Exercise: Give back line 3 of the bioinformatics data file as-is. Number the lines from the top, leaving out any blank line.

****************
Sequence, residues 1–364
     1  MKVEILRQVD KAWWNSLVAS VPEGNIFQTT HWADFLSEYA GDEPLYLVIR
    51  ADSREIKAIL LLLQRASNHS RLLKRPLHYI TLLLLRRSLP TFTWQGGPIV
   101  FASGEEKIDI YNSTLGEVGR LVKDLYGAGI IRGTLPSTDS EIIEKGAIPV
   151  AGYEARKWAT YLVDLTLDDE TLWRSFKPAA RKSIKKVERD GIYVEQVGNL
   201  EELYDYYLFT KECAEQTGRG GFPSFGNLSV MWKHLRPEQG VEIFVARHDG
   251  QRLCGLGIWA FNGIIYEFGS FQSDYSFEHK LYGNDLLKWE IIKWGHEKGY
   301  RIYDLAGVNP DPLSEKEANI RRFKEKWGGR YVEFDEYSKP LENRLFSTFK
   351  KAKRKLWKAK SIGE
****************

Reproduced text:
    51  ADSREIKAIL LLLQRASNHS RLLKRPLHYI TLLLLRRSLP TFTWQGGPIV